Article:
Speaking of free cash flows, I typically consider a ratio of FCF/Sales greater than 5% to be a sign of a very efficient company. Over the last ten years, the company has averaged less than 2%, however, the company has converted over 4% of sales into FCF the last two year amidst a strengthening environment.
In terms of dividends, the company has not paid a distribution since 2008. Given the fact that the company is now both FCF and EPS positive, with a rising trend in earnings per share and strengthening cash position, it would not surprise me to see a dividend reinstated in the near future.
Based on a P/E, EV-EBIT, and DCF Model, a weighted average valuation of $19.06 is calculated. Given a share price of $11.27 at the time of this writing, this represents a 70% upside. The DCF model assumes a 7% 10-year revenue growth rate and a 4% FCF/Sales figure. The current average 10 year revenue growth rate is over 14%, so this is a relatively conservative model, yielding a 15-16 dollar valuation, still a 30% premium to current prices.
On the downside, the stock currently trades less than 8% from its 52 week high and contains inherent volatility risk as a small cap stock with a high beta. According to Morningstar, the stock currently trades at discounts to the Truck Manufacturing industry in terms of TTM P/E, P/B, and P/S. This could mean investors feel this is an inferior company and demand a higher risk premium for holding the stock. More likely, the stock was decimated during the crises and has been slow to fully reflect the value of the company given the advantages and thesis throughout this article.
For those of you technical traders, the stock displays clear resistance-possibly-turned support levels at $11. Also, a longer term cup and handle formation since early 2012 has formed with a breakout at current prices. This greatly limits downside risk on a technical aspect. Further, given the discounts on a fundamental multiple basis, I believe the downside is capped to no more than 5-10%, representing an easy 3:1 reward/risk ratio, and as high as 7:1.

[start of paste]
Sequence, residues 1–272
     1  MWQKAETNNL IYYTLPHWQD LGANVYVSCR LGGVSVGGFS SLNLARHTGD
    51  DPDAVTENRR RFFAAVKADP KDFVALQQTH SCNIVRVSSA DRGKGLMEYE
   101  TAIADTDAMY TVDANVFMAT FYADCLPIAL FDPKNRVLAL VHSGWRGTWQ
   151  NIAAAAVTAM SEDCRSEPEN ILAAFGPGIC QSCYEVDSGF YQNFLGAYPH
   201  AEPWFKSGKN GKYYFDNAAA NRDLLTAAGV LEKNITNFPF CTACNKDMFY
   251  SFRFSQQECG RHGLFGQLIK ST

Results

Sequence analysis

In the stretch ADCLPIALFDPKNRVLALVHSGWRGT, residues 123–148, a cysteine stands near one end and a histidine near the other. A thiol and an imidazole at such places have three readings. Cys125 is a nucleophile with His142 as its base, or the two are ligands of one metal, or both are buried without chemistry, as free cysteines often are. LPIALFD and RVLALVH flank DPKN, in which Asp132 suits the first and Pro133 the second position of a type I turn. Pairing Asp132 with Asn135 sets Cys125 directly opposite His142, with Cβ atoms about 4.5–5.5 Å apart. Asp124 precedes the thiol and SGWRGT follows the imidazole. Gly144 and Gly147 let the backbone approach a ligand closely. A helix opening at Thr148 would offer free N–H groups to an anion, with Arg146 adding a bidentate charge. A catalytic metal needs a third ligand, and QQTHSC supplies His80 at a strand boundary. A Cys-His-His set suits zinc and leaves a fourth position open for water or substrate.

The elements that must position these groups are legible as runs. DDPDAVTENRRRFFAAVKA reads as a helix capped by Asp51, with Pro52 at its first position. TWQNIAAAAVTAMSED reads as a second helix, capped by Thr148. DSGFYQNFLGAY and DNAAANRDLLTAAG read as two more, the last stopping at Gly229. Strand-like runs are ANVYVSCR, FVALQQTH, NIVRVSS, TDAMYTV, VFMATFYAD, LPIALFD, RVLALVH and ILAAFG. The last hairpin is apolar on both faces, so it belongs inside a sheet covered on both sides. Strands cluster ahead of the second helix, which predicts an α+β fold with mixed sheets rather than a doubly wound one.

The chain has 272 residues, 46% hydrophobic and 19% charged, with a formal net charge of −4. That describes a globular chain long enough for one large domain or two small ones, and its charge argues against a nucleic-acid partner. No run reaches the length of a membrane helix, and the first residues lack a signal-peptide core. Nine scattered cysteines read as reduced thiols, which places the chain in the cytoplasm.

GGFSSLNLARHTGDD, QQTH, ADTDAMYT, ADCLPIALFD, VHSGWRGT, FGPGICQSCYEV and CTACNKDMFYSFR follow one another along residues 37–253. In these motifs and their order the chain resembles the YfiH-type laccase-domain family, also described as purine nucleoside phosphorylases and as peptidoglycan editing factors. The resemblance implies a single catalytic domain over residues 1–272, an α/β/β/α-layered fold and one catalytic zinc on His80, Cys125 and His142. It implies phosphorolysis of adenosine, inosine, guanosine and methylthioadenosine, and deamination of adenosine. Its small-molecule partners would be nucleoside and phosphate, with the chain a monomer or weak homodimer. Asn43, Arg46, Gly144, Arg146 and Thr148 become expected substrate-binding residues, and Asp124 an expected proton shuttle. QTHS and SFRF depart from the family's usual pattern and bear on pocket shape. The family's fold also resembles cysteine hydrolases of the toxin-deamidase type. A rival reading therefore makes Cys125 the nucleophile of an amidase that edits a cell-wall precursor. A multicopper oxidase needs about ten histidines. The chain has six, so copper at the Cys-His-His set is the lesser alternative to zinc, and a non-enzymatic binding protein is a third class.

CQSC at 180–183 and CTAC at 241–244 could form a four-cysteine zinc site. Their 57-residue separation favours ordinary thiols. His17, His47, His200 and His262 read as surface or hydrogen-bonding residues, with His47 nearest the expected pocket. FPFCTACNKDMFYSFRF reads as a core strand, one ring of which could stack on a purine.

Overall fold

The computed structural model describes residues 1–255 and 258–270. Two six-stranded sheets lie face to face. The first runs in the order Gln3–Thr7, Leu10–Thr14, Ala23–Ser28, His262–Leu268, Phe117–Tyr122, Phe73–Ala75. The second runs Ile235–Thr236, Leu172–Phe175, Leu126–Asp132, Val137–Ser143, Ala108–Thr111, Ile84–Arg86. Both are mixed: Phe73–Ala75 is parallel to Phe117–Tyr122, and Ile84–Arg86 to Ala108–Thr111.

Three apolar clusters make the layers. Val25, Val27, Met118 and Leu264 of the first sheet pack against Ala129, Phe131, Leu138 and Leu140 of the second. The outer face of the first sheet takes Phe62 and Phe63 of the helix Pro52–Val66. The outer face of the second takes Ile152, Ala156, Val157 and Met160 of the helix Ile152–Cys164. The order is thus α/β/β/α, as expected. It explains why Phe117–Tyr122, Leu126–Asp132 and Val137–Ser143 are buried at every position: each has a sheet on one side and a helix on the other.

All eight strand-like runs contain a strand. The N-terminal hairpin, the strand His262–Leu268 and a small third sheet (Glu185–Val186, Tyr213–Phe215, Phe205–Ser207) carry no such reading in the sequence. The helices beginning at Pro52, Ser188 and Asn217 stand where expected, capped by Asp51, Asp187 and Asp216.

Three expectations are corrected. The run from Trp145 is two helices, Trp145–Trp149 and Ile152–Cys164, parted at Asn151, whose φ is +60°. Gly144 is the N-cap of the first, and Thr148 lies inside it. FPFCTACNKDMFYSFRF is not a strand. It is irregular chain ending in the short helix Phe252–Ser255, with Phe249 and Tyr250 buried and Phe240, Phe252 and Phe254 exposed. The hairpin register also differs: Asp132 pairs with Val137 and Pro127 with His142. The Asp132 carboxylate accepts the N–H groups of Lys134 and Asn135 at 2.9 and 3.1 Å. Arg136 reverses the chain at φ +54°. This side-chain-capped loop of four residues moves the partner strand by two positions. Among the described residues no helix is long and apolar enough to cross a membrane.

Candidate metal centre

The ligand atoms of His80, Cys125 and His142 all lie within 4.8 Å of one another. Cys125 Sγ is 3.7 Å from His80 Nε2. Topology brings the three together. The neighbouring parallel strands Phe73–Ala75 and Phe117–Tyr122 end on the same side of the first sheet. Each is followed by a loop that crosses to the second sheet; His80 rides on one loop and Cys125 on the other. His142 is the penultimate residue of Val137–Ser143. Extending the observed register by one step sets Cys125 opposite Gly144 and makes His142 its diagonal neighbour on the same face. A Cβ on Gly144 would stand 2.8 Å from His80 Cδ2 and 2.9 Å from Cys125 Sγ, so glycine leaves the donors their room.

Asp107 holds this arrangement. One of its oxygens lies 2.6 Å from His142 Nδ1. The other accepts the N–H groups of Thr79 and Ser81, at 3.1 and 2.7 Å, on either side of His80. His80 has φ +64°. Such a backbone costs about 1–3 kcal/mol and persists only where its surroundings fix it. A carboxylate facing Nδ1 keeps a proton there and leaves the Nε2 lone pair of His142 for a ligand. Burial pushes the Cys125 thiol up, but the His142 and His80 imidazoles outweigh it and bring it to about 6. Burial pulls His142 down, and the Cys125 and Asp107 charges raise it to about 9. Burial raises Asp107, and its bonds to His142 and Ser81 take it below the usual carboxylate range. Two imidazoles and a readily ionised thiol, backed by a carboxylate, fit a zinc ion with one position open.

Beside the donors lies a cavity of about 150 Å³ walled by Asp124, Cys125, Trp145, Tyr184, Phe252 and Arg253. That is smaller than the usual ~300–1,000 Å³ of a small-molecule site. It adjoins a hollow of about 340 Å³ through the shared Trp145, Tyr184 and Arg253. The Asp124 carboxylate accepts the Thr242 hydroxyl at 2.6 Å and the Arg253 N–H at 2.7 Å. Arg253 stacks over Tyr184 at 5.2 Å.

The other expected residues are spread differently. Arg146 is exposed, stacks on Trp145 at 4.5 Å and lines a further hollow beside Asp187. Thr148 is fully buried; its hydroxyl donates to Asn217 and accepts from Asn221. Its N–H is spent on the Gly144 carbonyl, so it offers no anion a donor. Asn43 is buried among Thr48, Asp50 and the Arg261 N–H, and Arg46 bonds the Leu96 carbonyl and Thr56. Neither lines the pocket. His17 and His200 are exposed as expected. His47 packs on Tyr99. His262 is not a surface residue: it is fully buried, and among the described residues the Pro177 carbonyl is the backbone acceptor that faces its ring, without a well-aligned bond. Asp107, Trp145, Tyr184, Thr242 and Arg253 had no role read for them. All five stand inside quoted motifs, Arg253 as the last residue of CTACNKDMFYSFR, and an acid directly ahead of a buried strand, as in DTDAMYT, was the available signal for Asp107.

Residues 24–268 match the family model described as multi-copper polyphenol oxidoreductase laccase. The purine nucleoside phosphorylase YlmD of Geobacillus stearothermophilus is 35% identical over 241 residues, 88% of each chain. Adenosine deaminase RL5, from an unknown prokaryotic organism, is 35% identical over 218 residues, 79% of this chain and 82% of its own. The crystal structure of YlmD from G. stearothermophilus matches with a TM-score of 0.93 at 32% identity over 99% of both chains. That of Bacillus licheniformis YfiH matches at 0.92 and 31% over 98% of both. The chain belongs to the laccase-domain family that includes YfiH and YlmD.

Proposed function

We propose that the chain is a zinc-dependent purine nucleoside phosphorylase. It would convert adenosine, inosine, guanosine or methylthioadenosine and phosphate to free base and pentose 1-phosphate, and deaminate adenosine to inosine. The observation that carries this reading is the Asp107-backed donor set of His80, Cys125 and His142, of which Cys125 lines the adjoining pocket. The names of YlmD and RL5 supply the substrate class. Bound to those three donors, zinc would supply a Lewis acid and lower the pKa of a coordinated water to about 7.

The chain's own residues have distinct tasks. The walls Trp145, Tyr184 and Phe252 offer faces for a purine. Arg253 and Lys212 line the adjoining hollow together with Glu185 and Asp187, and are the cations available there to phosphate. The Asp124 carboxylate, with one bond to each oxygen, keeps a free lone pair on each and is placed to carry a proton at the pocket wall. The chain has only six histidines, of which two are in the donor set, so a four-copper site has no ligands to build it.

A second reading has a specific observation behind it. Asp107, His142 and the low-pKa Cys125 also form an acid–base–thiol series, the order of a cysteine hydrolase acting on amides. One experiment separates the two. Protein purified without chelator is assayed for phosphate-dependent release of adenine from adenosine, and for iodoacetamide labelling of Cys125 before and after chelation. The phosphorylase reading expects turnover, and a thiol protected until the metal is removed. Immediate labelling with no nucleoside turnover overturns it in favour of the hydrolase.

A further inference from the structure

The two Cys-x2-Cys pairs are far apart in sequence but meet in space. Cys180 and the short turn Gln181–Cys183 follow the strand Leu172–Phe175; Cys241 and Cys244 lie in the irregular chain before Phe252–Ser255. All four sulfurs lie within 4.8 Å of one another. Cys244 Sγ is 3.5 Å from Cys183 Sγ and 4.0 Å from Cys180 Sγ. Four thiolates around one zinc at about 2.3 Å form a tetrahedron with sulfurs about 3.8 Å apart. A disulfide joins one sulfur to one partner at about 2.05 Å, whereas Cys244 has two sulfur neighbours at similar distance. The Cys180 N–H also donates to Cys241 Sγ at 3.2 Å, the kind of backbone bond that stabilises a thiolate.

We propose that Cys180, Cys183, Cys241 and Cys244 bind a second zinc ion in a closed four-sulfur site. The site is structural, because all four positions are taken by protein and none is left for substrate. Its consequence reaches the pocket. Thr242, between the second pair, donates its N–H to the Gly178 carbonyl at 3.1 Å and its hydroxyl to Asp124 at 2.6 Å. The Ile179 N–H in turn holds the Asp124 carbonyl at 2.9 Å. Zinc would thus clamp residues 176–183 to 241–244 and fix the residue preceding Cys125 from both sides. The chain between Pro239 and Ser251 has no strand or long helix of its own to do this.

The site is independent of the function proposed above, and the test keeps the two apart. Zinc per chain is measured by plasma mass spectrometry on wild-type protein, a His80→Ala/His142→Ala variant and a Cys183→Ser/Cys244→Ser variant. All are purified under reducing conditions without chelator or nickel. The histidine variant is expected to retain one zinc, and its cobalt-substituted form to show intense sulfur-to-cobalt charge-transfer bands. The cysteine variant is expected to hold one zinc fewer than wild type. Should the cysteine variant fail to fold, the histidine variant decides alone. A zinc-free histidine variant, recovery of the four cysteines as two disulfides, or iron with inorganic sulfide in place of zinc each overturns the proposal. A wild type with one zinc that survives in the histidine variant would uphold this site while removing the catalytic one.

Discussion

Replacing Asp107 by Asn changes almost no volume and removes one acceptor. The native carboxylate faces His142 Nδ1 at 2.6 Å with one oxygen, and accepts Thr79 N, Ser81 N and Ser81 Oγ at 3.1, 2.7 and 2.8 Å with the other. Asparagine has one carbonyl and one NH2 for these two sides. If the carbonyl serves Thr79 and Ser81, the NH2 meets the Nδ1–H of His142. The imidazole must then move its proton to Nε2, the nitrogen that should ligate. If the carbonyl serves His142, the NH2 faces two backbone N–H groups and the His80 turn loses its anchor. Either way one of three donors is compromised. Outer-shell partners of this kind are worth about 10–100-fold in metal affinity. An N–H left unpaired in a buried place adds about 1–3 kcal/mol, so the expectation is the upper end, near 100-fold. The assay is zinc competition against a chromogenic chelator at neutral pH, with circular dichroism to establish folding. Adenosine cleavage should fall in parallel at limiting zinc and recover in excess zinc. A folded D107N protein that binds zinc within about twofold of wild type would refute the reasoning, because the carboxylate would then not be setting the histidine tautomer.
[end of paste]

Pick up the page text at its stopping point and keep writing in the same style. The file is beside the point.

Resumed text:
Before purchasing a stock, I also like to review what Funds and Institutions own the stock. Below are two tables from Morningstar that display Fund and Institutional activity:
As you can see, there a couple new positions as well as several net additions by mutual funds, against just one net seller. Most of these funds are in strong families such as Wells Fargo, Ivy and Waddell & Reed.
On the institutional side, top holders have initiated new positions or are mostly net buyers. These two suggest that there is institutional momentum coming for the stock. While the stock already has a high institutional ownership base, at over 96% according to FinViz, net buying over the past year while the stock traded between 9.50 and 10 leaves a great amount of potential upside left in this stock at current prices.
Conclusion & Recommendation
The market does not appear to be fully reflecting the recent acquisition activity nor the cyclical upswing since 2009. The stock did recover from low single digits to roughly $10 in 2010, but since then has traded between $5 and $10, only reaching $11 on three monthly occasions. Based on a valuation using historical and TTM figures, I believe Wabash's stock warrants a higher price, closer to $16, and as high at $19.
Wabash should be able to capitalize on strong industry tailwinds and acquisition synergies to further improve profitability through margin expansion. There are clear incentives for increasing demand across the company's products, which should bode well for future revenues. With the stock trading at a significant discount to intrinsic value, the risk /reward ratio in this investment is incredibly favorable. Given the current market environment, I would consider a position on weakness.
Disclosure: I am long WNC. I wrote this article myself, and it expresses my own opinions. I am not receiving compensation for it (other than from Seeking Alpha). I have no business relationship with any company whose stock is mentioned in this article.
Additional disclosure: I originally wrote this article prior to a position in WNC, since then I have initiated a position around $11.27.